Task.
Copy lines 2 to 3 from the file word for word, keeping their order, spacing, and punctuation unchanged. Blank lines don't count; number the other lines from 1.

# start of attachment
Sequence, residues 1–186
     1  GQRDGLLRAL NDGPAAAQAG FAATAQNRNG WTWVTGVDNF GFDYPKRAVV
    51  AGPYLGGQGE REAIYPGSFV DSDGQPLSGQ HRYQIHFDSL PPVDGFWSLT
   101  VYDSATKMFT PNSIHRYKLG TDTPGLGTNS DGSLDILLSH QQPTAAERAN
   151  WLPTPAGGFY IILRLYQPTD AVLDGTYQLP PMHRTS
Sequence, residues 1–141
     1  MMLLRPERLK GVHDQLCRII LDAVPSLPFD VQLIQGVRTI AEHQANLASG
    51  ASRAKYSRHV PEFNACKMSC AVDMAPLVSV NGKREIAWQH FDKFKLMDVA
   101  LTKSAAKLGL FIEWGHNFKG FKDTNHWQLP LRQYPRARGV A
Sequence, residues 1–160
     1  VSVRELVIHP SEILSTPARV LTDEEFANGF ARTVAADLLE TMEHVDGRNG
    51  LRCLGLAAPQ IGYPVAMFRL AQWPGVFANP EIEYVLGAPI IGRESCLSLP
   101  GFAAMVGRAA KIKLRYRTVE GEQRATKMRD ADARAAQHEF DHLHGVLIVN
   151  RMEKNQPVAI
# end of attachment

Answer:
     1  GQRDGLLRAL NDGPAAAQAG FAATAQNRNG WTWVTGVDNF GFDYPKRAVV
    51  AGPYLGGQGE REAIYPGSFV DSDGQPLSGQ HRYQIHFDSL PPVDGFWSLT